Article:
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2019 Second Hottest Year Since Records Began, NOAA Says

Land and ocean temperatures have been above average for the past 43 years and nine of the 10 warmest years on record have come since 2005.

Glacier melting in Alaska.
Jan. 20, 2020
By Isabel Putinja
Glacier melting in Alaska.

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The hottest half-decade on record has just passed, with 2019 fin­ish­ing as the sec­ond hottest year too, accord­ing to the 2019 global cli­mate report released by the National Oceanic and Atmos­pheric Admin­is­tra­tion (NOAA).

Record-high land tem­per­a­tures were recorded in Aus­tralia and New Zealand, parts of cen­tral Europe, Asia, south­ern Africa, North Amer­ica and east­ern South Amer­ica. Addi­tion­ally, record-high ocean tem­per­a­tures were mea­sured in all four oceans.

The fact is that the planet is warm­ing, and every year, we add one extra data point to this graph.- Gavin Schmidt, NOAA

Accord­ing to data col­lected by NOAA, the aver­age tem­per­a­ture in 2019 was 0.95 °C (1.71 °F) above aver­age and 0.04 degrees Cel­sius (0.07 degrees Fahren­heit) less than the record set in 2016. 2016 was the hottest year since records began in 1880, with a tem­per­a­ture rise of 0.99 °C (1.78 °F) above-aver­age tem­per­a­tures.

I would say, notwith­stand­ing some sort of major, major geo­phys­i­cal event, it would be almost cer­tain that the [com­ing] decade will be warmer than the pre­vi­ous,” Deke Arndt, head of the mon­i­tor­ing branch at NOAA’s National Cen­ters for Envi­ron­men­tal Infor­ma­tion, told NPR.

See more: How Cli­mate Change Has Impacted the 2019 Har­vest

Over­all, land and ocean tem­per­a­tures have been above aver­age for the past 43 years and nine of the 10 warmest years on record have come since 2005.

The fact is that the planet is warm­ing, and every year, we add one extra data point to this graph,” the direc­tor of NASA’s God­dard Insti­tute for Space Stud­ies, Gavin Schmidt, told NPR. “[How­ever,] the main thing here is not really the rank­ing but is the con­sis­tency of the long-term trends that we’re see­ing.”

In a his­tor­i­cal con­text, 2019 global land and sea tem­per­a­tures were 1.15 °C (2.07 °F) above the aver­age of the 21-year span from 1880 to 1900 – which is often con­sid­ered a sur­ro­gate for pre-indus­trial con­di­tions.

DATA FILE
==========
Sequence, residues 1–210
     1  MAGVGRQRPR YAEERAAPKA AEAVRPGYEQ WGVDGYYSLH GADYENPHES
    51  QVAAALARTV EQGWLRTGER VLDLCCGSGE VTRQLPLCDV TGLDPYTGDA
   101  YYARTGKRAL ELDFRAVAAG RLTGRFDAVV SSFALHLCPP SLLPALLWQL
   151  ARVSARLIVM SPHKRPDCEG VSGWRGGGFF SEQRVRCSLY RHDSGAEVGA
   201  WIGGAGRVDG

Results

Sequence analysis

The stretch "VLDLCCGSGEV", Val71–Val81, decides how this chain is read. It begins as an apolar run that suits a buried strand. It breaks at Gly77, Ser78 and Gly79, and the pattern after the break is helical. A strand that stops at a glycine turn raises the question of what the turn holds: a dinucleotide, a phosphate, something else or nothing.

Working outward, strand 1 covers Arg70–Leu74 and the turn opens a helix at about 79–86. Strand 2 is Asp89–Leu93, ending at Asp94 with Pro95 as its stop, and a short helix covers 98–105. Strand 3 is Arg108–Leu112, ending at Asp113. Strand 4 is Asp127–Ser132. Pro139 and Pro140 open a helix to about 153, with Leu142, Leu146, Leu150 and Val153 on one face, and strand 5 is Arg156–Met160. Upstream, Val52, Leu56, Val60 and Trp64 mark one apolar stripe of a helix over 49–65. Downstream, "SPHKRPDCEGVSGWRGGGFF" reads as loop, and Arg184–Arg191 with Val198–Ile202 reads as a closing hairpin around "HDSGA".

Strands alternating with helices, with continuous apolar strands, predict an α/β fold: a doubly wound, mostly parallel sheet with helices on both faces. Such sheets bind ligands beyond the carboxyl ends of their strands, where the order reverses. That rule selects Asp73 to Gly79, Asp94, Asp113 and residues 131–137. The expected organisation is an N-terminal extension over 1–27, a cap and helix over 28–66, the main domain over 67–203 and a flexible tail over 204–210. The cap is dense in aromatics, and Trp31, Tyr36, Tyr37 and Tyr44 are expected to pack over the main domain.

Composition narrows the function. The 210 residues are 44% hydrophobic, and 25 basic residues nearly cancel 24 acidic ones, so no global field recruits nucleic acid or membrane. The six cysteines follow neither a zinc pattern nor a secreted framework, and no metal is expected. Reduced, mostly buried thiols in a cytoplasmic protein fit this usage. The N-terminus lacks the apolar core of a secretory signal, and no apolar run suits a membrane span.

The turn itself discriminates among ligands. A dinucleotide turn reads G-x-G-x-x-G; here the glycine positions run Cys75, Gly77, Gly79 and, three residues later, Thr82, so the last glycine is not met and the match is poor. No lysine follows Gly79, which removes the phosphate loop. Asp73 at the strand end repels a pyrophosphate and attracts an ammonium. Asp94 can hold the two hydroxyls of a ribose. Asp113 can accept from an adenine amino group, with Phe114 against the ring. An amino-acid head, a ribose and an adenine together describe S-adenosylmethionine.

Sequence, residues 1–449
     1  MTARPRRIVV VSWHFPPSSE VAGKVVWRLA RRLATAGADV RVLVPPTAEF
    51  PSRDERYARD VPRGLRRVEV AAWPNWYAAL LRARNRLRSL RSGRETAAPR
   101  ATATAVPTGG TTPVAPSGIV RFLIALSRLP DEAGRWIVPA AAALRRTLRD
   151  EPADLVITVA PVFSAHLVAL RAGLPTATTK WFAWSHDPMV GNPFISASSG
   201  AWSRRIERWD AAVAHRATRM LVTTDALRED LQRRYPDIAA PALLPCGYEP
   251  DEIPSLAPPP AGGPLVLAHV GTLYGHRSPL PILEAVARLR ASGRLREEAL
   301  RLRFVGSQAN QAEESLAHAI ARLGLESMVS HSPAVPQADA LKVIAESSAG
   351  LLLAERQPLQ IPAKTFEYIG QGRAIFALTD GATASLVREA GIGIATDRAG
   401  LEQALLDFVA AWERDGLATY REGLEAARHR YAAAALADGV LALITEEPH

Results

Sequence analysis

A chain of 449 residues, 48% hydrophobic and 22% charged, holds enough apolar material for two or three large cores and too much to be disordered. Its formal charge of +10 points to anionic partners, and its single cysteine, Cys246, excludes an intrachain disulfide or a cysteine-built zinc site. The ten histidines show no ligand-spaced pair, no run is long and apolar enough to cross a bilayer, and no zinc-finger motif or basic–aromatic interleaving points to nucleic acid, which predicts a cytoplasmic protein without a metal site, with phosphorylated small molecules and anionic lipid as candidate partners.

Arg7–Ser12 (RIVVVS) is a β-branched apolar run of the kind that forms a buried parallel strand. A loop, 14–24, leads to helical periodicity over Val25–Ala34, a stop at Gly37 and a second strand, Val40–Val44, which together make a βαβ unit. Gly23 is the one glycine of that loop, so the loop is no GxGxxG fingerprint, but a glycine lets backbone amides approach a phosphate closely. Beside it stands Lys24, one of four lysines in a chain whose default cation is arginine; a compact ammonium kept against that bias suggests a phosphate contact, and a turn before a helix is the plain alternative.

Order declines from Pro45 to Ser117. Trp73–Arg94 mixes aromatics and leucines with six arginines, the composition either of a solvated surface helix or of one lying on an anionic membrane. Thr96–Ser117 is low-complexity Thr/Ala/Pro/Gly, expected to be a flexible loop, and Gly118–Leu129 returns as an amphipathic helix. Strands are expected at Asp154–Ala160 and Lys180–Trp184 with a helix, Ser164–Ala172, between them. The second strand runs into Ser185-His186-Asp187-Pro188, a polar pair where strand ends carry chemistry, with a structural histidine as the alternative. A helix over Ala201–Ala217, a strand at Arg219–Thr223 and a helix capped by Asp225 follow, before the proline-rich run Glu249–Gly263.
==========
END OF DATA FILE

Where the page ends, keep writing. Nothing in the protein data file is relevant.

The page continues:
Since 1981, one cen­tury after tem­per­a­tures began being recorded, the aver­age rate of tem­per­a­ture increase per decade has more than dou­bled, ris­ing from +0.07 °C (+0.13 °F) to +0.18 degrees (+0.32 °F).

In the past year, the global land sur­face tem­per­a­ture was 1.42 degrees Cel­sius (2.56 degrees Fahren­heit) above the 20th cen­tury aver­age, tying with 2015 as the sec­ond high­est.

Mean­while, the global sea sur­face tem­per­a­ture also came in sec­ond place in 2019 with a tem­per­a­ture that was 0.77 °C (1.39 °F) higher than the 20th-cen­tury aver­age.

NOAA’s analy­sis of global tem­per­a­ture data for 2019 is in line with those mea­sured by the World Mete­o­ro­log­i­cal Orga­ni­za­tion (WMO), NASA and Coper­ni­cus, the Euro­pean Union’s Earth Obser­va­tion Pro­gram, all of which con­cluded that 2019 was the sec­ond-hottest year on record.

The warm­ing up until now since the 1970s has been quite close to lin­ear,” Schmidt said. You’d imag­ine we’d cross 1.5 [degrees Cel­sius] in around 2035. But of course, that depends on what we do with emis­sions, and we’re not able to tell you look­ing at the past how soci­ety will react.”

Adopted in 2016, the Paris Agree­ment on cli­mate change has set the goal to limit the rise in global tem­per­a­tures to below 2 °C (3.6 °F) by 2030 and ide­ally to 1.5 °C (2.7 °F).




  • NOAA

  • NPR



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